Example of the RENAME USER command in MySQL

Naming your users and specifying their host does not have to be permanent. However, to implement any changes to those two fields, it is better to use the RENAME USER command as opposed to directly updating MySQL system tables. Read on to learn about this command with me…

Photo by Randy Fath on Unsplash

Note: All data, names or naming found within the database presented in this post, are strictly used for practice, learning, instruction, and testing purposes. It by no means depicts actual data belonging to or being used by any party or organization.

OS and DB used:


  • Xubuntu Linux 16.04.5 LTS (Xenial Xerus)
  • MySQL 8.0.14

Note: All examples in this blog post are performed on a single-user development/learning workstation environment. With that being said, as always, be sure and implement those best practices for you and your particular needs, goals, and outcomes.

I create this simple user:

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mysql> CREATE USER 'user_a' IDENTIFIED BY 'password_a';
Query OK, 0 rows affected (0.08 sec)

Notice, I did not specify a connection host for this user. Here is what is stored in the mysql.user system table:

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mysql> SELECT User, Host
    -> FROM mysql.user
    -> WHERE User = 'user_a';
+--------+------+
| User   | Host |
+--------+------+
| user_a | %    |
+--------+------+
1 row in set (0.00 sec)

By default, the % character is used if a host is not specified.

Suppose I need to change this for any number of reasons. One being, the % character is often used as a wild card character. Second, and perhaps intertwined, logging in on the command-line with that character as the host, is difficult at best:

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:~$ mysql --host=% -u user_a -p
Enter password:
ERROR 2005 (HY000): Unknown MySQL server host '%' (0)

:~$ mysql --host='%' -u user_a -p
Enter password:
ERROR 2005 (HY000): Unknown MySQL server host '%' (0)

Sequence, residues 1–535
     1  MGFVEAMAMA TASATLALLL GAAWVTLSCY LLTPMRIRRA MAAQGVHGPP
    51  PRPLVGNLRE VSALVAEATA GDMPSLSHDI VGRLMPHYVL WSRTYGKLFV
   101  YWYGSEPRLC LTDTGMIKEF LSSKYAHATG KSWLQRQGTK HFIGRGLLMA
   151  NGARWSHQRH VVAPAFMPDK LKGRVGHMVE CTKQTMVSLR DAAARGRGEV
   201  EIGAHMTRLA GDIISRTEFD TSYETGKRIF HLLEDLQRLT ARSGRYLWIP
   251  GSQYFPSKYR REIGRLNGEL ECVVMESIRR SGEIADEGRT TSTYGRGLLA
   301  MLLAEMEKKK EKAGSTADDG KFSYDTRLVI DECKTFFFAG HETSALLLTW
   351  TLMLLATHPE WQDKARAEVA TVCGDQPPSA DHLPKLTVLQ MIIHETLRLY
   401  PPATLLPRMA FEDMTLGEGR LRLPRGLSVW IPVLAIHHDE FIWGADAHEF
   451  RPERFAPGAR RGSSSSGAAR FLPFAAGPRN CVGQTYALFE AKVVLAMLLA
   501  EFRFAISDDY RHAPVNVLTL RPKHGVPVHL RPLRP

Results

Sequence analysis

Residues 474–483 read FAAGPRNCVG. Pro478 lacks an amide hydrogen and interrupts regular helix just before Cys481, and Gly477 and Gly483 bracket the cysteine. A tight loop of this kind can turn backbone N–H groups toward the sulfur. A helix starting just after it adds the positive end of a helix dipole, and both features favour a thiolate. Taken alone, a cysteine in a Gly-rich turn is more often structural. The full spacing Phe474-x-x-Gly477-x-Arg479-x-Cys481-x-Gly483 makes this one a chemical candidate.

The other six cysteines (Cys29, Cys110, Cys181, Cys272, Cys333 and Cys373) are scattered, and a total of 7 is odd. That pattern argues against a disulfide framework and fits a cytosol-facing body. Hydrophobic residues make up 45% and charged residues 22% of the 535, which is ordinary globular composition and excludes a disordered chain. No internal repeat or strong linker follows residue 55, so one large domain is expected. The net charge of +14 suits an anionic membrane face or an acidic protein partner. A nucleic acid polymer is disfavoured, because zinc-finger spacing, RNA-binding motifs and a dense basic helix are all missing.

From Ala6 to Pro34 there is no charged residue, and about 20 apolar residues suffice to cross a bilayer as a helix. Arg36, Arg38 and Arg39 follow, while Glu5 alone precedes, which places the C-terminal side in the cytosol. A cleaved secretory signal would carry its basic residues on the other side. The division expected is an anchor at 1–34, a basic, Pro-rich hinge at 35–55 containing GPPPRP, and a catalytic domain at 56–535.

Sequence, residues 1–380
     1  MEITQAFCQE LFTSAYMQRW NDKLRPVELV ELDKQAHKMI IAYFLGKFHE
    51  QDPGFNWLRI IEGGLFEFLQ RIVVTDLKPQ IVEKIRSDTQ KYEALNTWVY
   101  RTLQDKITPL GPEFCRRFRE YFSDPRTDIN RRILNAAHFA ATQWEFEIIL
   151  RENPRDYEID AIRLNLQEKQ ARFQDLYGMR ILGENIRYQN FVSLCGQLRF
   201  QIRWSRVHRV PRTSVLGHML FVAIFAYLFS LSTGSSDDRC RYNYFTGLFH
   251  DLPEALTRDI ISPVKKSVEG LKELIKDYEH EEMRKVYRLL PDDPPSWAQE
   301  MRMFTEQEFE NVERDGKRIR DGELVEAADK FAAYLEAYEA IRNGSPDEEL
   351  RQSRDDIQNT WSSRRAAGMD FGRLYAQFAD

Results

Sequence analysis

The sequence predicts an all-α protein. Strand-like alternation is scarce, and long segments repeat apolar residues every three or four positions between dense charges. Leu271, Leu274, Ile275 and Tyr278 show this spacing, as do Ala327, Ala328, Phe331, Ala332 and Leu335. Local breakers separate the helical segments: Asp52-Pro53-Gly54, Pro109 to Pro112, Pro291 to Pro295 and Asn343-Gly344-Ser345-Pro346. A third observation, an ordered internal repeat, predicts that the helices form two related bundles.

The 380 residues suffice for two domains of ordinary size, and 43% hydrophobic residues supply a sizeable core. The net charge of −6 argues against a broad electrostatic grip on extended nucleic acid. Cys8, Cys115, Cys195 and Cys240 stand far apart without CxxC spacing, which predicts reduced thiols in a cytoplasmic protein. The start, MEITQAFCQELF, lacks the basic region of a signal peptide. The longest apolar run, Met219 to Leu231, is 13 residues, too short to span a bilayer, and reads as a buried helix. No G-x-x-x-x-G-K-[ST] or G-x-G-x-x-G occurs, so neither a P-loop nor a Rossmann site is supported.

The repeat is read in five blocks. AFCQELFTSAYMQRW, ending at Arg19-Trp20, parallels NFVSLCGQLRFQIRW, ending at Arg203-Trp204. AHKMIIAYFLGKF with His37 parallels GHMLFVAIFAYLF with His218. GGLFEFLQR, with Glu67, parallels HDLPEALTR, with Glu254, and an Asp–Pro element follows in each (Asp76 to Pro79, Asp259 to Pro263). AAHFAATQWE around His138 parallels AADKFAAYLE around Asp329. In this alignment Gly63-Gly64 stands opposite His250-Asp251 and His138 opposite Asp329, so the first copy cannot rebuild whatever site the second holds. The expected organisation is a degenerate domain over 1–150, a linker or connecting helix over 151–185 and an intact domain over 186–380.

Although user ‘user_a’ can authenticate without specifying a host, imagine I want to go ahead and change that value to ‘localhost’ for whatever reason. Can I just directly UPDATE the mysql.user table?

Well, you could (barring you have the correct privileges). But, from what I gather, that is not advisable for a number of reasons.

However, the RENAME USER command will accomplish this with minimal fuss:

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mysql> RENAME USER 'user_a'@'%' TO 'user_a'@'localhost';
Query OK, 0 rows affected (0.09 sec)

And view the changes:

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mysql> SELECT User, Host
    -> FROM mysql.user
    -> WHERE User = 'user_a';
+--------+-----------+
| User   | Host      |
+--------+-----------+
| user_a | localhost |
+--------+-----------+
1 row in set (0.00 sec)

Better yet, let’s change the name of ‘user_a’ as well using RENAME USER:

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mysql> RENAME USER 'user_a'@'localhost' TO 'user_ab'@'localhost';
Query OK, 0 rows affected (0.10 sec)

That change is reflected in the mysql.user table as well:

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mysql> SELECT User, Host
    -> FROM mysql.user
    -> WHERE User = 'user_ab';
+---------+-----------+
| User    | Host      |
+---------+-----------+
| user_ab | localhost |
+---------+-----------+
1 row in set (0.00 sec)

One key reason to use RENAME USER, as covered in the linking documentation below, is that privileges carryover from old to new user.

Additional reading:

Like what you have read? See anything incorrect? Please comment below and thanks for reading!!!

Explore the official MySQL 8.0 Online Manual for more information.

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Josh Otwell has a passion to study and grow as a SQL Developer and blogger. Other favorite activities find him with his nose buried in a good book, article, or the Linux command line. Among those, he shares a love of tabletop RPG games, reading fantasy novels, and spending time with his wife and two daughters.

Disclaimer: The examples presented in this post are hypothetical ideas of how to achieve similar types of results. They are not the utmost best solution(s). The majority, if not all, of the examples provided, is performed on a personal development/learning workstation-environment and should not be considered production quality or ready. Your particular goals and needs may vary. Use those practices that best benefit your needs and goals. Opinions are my own.

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